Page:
Barnacle left Holmes Chapel to take up his post at Preston as the principal of St John’s College, Grimsargh, in 1898. The college was well-established, with ‘upwards of 100’ pupils a few years before his arrival. 
The 1901 census finds Barnacle, aged 52, living at the college with his family, another schoolmaster, nine servants and 18 boarding pupils. Although the official records above show him at Grimsargh until 1907, he is still there in 1911, according to the census of that year, living with his family, a son-in-law schoolmaster, four servants and four pupils.
While at the college he appears to have involved himself to some extent in the life of Preston and interested himself in its history, to judge from a lecture he gave entitled ‘Old Preston – Contrasts and Curiosities’, a report of which was published in the Preston Guardian of 30 March 1901.
Possibly the college was failing and it was that which prompted him to take his family to Australia at the age of 61 in 1911, to become rector in the town of Mount Barker in Western Australia. He served there and in Rosalie, now a district of Perth, until his retirement in 1933. He died at the age of 89 in 1938 in Subiaco, Perth.
While in Australia he continued his interest in astronomy, becoming a founding member of the West Australian Astronomy Society. He was also continuing his interest in conchology, a study in which he had begun showing an interest while on the Transit of Venus expedition. The criticisms of his observational skills by other members of the expedition might also have applied to his study of snails, with Barnacle mixing up his molluscs, to judge by the following:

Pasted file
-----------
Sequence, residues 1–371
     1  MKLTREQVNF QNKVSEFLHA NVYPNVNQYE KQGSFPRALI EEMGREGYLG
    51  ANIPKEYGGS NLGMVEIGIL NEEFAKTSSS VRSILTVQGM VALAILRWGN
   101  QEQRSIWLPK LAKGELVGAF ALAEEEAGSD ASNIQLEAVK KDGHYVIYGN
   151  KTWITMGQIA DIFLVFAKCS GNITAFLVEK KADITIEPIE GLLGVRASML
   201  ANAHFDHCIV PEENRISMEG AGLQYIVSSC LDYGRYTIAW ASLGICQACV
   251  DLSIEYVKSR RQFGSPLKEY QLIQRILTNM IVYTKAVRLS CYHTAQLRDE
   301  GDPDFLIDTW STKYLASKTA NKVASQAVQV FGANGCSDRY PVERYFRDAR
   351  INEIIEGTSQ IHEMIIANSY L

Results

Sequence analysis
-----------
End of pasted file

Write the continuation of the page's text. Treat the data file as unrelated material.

In 1874 Henry collected a snail shell from “Hawaii, 8 miles away from Kailua [Kona]”. This shell was described by E.A. Smith in 1877 as Helix barnaclei in the genus Papuina. No similar or related species has ever been recorded from the Hawaiian Islands but Smith was convinced at the time, following correspondence with Henry, that the locality was correct. Nevertheless Smith knew that the new species was almost identical to a snail from the Admiralty Islands, but he recognised it as different due to the distance between the two localities. Subsequent surveys of the area did not result in the discovery of any further specimens and its presence in Hawaii may have been a temporary introduction or, perhaps more likely, Henry had just muddled up his labelling!
When Barnacle sailed for Australia his eldest son, Granville Alban Barnacle, set out for Ceylon (now Sri Lanka) to become a tea and rubber planter. While there he followed his father’s interest in snail studies.
A final Preston connection comes in 1922 when Barnacle junior was back in England. He visited the town and while there married Lesley Hazelgrove. The newly-weds sailed back to Ceylon, returning to England in the 1930s. He died in 1980 at the age of 95 shortly after his final journal article was published: Barnacle, G.A.S (1980) A Caribbean land shell in Lancashire. Conchologist’s Newsletter. No. 72, 217.
The above information on the Barnacles’ interest in shell study is taken from a detailed and well-written account by Peter Topley in the journal Mollusc World.